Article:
When our second child was born on March 13th 2012, we wondered how our three and a half year old son would react and anticipated that things would be hard for a while. We were right. While he has been very interested and loving towards his baby sister, his overall behavior and development has been out-of-whack. Immediately after returning home from the hospital, we had days of temper tantrums and emotional break-downs. He also went from being totally potty trained to pooping in his underwear five times a day. We struggled with which strategy to take: to discipline or to ignore. The pediatrician told us to ignore the behavior and give it a few weeks. Three weeks later, the frequency has eased, but it still happens.
Other parents I know with more than one child gave me a great piece of advice. They told me to focus on the child that will remember. Babies obviously have needs: they need to be fed, they need to be changed and they need to be loved. However, it’s ok to let the baby wait some times. You don’t want to be constantly telling your older child that you can’t play with him or her because of the baby.
• Keep the routine going. Having a baby join the family is a big thing for another child. Help him/her feel more secure by continuing with the daily routine and regular activities.
• Make sure you have one-on-one time with the older sibling. It’s very easy for Mom to end up focusing on baby and Dad on the older child, but it’s important for Mom to have alone time with the older child. Whether it’s putting him/her to bed at night or having a special activity that only you and him/her do together.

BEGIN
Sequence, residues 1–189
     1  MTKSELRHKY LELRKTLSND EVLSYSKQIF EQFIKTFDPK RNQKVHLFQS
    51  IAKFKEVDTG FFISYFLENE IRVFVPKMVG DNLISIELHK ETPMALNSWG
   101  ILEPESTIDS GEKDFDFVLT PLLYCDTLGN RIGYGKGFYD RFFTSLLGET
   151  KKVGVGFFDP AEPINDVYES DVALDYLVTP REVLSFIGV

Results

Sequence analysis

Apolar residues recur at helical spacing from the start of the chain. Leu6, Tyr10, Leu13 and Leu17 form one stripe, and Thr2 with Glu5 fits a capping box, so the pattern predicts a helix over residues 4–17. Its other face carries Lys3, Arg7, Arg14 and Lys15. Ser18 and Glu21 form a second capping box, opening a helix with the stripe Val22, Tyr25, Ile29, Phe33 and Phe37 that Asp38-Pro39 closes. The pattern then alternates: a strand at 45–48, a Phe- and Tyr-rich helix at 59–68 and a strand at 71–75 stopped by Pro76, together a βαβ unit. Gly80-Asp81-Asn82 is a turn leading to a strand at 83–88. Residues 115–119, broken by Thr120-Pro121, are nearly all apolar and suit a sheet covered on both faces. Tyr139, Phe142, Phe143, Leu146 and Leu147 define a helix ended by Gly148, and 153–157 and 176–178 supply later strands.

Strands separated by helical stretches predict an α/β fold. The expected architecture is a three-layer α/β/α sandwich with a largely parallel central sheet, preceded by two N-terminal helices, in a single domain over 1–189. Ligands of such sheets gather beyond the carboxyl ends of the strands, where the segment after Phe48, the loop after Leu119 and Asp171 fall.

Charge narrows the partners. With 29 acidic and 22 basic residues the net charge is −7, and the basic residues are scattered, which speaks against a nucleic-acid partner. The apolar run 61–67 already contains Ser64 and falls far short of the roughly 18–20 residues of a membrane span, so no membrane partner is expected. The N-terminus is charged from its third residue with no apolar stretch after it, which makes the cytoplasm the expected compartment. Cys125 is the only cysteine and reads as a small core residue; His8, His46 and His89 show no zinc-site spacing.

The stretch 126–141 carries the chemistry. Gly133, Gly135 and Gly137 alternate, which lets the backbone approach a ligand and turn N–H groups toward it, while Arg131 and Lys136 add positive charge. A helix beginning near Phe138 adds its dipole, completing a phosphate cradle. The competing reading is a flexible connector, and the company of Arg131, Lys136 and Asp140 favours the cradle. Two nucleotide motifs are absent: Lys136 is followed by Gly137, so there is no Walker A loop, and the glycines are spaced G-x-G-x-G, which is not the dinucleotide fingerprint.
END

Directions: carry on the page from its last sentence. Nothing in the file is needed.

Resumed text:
• Encourage the older child to be a helper. Older siblings can help you take care of the baby by fetching diapers and wipes or putting clothes in the hamper.
• Get out baby photos of the older child. Talk to your older child about when he/she was a baby. Talk about the things he/she can do now that he/she couldn’t do as a baby (e.g. eat ice cream, play with trains)
• Teach gentleness in a positive way. Encourage and praise your older child for being gentle with the baby. Avoid saying “no” or “don’t” as much as possible. Show your child how he/she can touch the baby gently.
• Show your child how to play with the baby. It’s often a disappointment for older children that babies aren’t able to play with them when they’re first born. Show your child how he/she can interact with the baby. For example:
• Create a special surprise box. For nursing mothers, a surprise box filled with toys and activities to play with is a good way to distract the older child while you are feeding your baby. Children react well to having a special surprise that they only get when Mom is nursing.
• Faber & Mazlish – “Siblings Without Rivalry”
• Goldenthal, Peter – “Beyond Sibling Rivalry”
• Lansky, Vicky – “Welcoming Your Second Baby”
• Samalin & Whitney – “Loving Each One Best”
• Cole, Joanna - “The New Baby At Your House”
• Cole, Joanna – “I’m a Big Brother/Sister”
• Hiatt, Fred – “Baby Talk”
• Rogers, Fred – “The New Baby”
What are helpful tips you’d share for helping older siblings adjust to a new sibling?
Karen Sams lives in Minnesota with her husband, Jeff, and her two children, Jack (3.5 years) and Grace (3 weeks).